Stock brokers’ move from bodily concern to T+1 system could impact foreign investors
The Association of National Exchange Members (Anmi) said on Tuesday that the move to the T+1 settlement system would lead India to transform into a pre-funding market. He also said the change would cause global institutional investors to face multiple issues with the structure.
Currently, trades in the Indian stock market are settled within two business days of trade completion (T+2).
SEBI sets up a group of experts to improve market liquidity
Anmi’s concern comes amid reports that market regulator Securities and Exchange Board of India (Sebi) has set up a panel of experts who will study moving the settlement cycle in the securities market from T +2 to T+1 with the aim of improving market liquidity. Sebi Chairman Ajay Tyagi had proposed last year that exchanges should gradually shift to real-time settlement of capital market transactions.
Anmi cites the reasons for her concerns
In its letter, ANMI said that the implementation of the new system will lead to an increase in working capital requirements for brokers and increase the workload for banks and depository (DP) participants. He also said that before the implementation of the new system, several operational and technical challenges will have to be overcome. He pointed out that the infrastructure currently available with Market Infrastructure Institutions (MIIs) is not able to effectively respond to the timely issuance of payouts and remittances and sending files on time.
“Whenever there is more than one settlement, there is a delay in payment/payment for the second settlement. The delay is sometimes noticed at the custodian level and sometimes at the Clearing Corporation (CC) level,” the letter states. He also said securities lending and borrowing will have a short window to operate, which could lead to spillovers.
Anmi Says Global Investors Favor T+2 Settlement Cycle
ANMI also said it believes global investors prefer the T+2 investment cycle because they are able to fund the settlement obligations of buy trades in a market with proceeds from the sales of a market. other. He also said the settlement cycle is also ideal from a funding perspective, citing that Foreign Portfolio Investors (REITs) need to provide Indian Rupee funds for settlement in a regulatory environment where banks and custodians do not cannot fund transactions on behalf of REITs, even to cover operational shortfalls.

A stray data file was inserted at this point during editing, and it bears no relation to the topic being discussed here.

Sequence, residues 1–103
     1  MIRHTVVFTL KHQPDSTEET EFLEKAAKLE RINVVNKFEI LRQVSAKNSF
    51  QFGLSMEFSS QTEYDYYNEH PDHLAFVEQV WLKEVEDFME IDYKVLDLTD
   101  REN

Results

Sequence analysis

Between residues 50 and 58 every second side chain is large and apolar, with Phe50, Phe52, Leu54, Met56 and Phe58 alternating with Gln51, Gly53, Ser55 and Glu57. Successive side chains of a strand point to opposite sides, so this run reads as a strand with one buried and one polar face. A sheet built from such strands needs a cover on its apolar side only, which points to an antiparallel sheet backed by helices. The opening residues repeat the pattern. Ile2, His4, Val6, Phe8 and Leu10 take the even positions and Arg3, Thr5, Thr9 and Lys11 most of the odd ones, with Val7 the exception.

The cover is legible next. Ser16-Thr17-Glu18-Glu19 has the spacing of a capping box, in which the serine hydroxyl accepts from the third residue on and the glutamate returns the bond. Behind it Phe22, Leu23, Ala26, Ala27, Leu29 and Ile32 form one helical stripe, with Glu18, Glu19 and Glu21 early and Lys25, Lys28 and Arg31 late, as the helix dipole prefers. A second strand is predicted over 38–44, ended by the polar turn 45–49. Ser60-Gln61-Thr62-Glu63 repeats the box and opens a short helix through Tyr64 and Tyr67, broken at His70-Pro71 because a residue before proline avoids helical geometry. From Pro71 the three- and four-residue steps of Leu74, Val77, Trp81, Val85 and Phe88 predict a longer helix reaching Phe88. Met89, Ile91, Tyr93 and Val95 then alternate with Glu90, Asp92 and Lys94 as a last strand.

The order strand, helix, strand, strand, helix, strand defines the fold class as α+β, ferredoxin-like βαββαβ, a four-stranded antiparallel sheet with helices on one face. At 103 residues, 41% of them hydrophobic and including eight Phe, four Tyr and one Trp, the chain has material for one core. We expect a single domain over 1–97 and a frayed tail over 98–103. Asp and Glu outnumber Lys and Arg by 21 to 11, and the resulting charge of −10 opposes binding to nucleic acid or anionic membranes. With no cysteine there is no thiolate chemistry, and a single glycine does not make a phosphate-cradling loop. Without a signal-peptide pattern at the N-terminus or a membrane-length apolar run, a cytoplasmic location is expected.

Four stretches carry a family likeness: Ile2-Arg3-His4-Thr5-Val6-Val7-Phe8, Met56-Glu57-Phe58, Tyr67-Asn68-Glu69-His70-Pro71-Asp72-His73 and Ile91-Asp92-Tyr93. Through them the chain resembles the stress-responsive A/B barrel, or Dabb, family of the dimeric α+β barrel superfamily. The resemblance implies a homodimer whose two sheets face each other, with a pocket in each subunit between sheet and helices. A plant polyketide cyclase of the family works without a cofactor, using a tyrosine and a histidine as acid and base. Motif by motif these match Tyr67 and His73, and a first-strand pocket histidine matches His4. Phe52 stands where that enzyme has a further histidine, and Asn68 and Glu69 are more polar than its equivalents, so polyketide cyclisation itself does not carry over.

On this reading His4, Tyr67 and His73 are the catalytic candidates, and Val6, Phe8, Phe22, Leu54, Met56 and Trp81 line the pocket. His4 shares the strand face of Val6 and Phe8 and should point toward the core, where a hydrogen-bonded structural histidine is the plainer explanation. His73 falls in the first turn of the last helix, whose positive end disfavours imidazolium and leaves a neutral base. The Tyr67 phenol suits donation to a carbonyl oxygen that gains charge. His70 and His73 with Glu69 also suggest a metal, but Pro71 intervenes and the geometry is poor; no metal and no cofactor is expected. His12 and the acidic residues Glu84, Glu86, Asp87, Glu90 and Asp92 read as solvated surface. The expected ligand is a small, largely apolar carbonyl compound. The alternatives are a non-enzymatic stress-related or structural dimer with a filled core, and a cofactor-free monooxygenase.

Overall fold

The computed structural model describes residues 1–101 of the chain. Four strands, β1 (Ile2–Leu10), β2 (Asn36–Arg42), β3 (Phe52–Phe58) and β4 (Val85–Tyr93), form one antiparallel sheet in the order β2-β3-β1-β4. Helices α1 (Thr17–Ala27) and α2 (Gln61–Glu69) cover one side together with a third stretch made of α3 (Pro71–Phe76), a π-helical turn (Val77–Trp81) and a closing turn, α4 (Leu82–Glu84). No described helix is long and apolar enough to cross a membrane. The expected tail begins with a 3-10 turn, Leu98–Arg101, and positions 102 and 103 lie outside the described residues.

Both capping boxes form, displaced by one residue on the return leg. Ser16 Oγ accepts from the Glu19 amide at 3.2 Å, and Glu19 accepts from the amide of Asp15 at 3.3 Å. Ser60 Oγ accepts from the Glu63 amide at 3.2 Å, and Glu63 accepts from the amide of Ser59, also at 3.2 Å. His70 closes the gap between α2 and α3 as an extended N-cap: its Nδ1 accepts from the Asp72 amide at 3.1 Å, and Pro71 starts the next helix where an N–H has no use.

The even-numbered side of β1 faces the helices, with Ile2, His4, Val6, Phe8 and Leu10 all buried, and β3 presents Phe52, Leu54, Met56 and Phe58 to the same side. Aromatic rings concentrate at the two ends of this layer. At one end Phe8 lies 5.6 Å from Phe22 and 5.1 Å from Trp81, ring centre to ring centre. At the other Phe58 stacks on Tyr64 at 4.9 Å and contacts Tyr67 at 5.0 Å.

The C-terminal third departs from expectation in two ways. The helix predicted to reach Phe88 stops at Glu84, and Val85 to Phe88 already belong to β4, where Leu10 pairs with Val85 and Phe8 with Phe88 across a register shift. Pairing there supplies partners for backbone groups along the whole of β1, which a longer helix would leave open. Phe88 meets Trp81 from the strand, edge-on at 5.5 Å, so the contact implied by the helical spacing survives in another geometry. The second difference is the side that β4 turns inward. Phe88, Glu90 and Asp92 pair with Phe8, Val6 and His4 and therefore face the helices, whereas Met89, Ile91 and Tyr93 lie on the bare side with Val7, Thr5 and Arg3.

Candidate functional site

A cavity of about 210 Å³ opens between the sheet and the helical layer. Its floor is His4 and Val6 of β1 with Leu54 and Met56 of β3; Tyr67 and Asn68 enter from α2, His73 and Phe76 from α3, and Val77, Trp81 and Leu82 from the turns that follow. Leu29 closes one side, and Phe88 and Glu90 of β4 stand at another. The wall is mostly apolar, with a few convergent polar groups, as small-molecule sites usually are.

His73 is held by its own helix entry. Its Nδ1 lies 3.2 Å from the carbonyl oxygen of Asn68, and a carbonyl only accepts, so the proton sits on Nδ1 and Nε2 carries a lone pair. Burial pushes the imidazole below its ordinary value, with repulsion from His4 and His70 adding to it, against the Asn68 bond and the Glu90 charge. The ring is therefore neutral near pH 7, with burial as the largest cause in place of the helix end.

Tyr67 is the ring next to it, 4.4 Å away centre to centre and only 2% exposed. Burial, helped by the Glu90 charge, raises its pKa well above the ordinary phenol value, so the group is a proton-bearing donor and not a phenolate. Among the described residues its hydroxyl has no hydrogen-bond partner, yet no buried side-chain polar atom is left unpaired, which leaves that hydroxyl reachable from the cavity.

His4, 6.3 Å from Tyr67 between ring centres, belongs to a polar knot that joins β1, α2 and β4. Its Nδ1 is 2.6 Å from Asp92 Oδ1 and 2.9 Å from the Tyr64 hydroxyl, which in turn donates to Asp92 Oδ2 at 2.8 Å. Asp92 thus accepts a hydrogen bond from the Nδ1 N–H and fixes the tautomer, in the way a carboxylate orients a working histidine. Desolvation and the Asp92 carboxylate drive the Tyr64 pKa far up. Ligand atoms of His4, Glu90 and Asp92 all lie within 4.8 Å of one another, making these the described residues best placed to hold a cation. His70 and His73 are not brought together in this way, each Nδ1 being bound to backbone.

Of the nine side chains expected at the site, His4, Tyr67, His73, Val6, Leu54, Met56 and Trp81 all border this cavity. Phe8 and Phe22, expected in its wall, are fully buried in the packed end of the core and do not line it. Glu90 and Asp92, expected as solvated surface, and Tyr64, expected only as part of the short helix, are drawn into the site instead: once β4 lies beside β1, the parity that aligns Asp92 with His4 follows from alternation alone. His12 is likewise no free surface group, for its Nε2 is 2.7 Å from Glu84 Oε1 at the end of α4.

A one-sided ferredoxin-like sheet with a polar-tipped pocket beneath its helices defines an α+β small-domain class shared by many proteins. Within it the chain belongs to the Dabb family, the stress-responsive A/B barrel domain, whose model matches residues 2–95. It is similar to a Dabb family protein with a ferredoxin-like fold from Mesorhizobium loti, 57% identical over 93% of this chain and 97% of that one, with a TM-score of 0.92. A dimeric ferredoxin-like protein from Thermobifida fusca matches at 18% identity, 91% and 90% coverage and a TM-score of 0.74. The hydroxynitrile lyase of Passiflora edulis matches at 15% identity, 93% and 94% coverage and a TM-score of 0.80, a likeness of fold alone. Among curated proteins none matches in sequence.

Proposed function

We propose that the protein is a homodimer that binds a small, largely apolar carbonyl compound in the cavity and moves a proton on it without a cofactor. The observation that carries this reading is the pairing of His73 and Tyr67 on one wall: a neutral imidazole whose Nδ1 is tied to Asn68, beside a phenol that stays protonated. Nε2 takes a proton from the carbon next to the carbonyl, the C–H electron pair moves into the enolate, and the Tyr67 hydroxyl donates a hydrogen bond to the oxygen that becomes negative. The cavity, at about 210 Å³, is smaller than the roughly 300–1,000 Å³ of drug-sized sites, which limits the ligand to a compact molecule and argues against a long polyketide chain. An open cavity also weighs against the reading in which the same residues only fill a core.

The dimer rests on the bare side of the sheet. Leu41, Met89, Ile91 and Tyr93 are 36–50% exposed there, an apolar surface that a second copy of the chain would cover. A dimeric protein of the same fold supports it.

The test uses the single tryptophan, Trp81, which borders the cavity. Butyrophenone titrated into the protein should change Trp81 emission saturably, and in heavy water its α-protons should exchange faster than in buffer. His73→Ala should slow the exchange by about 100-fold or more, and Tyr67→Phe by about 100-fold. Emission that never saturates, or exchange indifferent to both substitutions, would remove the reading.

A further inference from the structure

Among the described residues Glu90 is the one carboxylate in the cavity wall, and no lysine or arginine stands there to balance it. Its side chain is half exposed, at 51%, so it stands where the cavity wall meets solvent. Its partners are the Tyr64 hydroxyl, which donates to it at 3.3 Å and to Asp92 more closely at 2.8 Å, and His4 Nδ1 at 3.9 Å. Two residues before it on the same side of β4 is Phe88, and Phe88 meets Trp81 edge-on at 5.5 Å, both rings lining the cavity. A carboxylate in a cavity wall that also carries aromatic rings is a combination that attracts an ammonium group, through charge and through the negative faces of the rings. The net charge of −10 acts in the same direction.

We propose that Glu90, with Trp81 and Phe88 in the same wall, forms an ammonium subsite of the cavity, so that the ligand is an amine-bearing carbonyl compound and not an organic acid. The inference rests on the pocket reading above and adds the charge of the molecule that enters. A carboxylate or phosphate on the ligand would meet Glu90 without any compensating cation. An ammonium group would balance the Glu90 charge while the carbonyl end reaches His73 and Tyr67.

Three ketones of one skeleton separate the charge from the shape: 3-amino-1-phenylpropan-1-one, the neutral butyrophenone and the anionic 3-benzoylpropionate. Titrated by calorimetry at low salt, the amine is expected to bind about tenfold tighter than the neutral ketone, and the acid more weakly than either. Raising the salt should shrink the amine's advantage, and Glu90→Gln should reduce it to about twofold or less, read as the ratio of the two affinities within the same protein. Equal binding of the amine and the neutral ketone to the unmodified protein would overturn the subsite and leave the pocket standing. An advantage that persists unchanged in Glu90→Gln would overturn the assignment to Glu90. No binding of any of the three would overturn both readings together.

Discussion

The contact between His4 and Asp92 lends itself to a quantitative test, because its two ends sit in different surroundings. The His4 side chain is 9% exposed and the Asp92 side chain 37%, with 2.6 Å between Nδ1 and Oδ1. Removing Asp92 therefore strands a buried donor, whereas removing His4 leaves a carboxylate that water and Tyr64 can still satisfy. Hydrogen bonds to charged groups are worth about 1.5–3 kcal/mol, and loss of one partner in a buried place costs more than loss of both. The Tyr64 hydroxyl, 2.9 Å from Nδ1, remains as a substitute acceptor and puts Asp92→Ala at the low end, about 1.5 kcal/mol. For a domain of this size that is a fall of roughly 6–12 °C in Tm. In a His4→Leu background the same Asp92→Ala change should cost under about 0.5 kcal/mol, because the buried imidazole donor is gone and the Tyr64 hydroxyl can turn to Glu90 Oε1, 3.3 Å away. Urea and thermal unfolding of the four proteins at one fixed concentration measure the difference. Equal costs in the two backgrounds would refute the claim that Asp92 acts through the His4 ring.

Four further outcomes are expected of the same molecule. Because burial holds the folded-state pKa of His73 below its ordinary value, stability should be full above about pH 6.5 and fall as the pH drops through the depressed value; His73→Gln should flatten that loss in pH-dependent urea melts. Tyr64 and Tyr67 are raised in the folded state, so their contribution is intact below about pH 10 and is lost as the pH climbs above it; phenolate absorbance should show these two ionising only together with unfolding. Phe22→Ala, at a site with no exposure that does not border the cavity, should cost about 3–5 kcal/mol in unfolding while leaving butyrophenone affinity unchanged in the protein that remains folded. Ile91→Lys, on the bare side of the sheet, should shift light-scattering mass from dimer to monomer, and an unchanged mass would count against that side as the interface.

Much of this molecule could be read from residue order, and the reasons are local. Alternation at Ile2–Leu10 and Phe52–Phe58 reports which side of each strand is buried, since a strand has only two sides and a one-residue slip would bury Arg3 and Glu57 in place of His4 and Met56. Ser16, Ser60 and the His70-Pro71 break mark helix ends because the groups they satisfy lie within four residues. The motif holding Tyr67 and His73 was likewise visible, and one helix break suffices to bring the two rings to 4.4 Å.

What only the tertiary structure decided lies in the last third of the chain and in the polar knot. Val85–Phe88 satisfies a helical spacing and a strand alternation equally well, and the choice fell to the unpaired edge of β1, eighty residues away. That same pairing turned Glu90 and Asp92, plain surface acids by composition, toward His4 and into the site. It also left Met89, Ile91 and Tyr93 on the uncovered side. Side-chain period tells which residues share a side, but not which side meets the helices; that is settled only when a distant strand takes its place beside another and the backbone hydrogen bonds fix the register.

“If the T+1 regulation is passed, the MSCI country classification methodology may view it negatively as there is a likelihood that the Indian market will become a pre-funded market. This could lead to a lower weighting of India in its index MSCI from emerging markets. This will negatively affect flows to the Indian market,” Anmi noted.
Brokers have a limited time
Anmi said REIT securities settlement is a complex operation that involves coordination between multiple entities such as fund managers, global and local custodians, brokers, clearing members and exchanges. He said that for most REITs, which have a local custodian, they have a global custodian whose confirmation is needed for the local custodian to confirm the transaction.
Anmi says that due to the location of these global custodians across the planet in different countries and time zones, brokers and local custodians only get a few hours to track and receive confirmation.
“Also today (in the T+2 regime), quite often when confirmation is not received from the global custodian in time, transactions result in DVP transactions and brokers face the challenge of arranging funds and also bear the burden of the additional costs associated with it,” ANMI said.
Anmi said such changes will create unnecessary costs and create settlement risks for global investors. He further added that any failure to match will result in settlement obligations being borne by the brokers.
Brokers cite Taiwan example, say system will lead to ‘difficulties’
Anmi in his letter cited the example of the Taiwanese stock exchange which had previously moved from the T+2 settlement cycle to the T+1 settlement cycle, but returned after foreign investors encountered problems.
He also said the change could lead to tax issues for global investors. “Tax advisors usually calculate tax on T+2 and T+3 days, which may lead to a situation where payment is received on T+1 day, but clients should hold their funds in Indian rupees for one day or two for pending tax calculation,” Anmi said. He also expressed concern that if the change is made without addressing and resolving operational issues, it could put the entire “brokerage industry endanger and cause undue hardship”.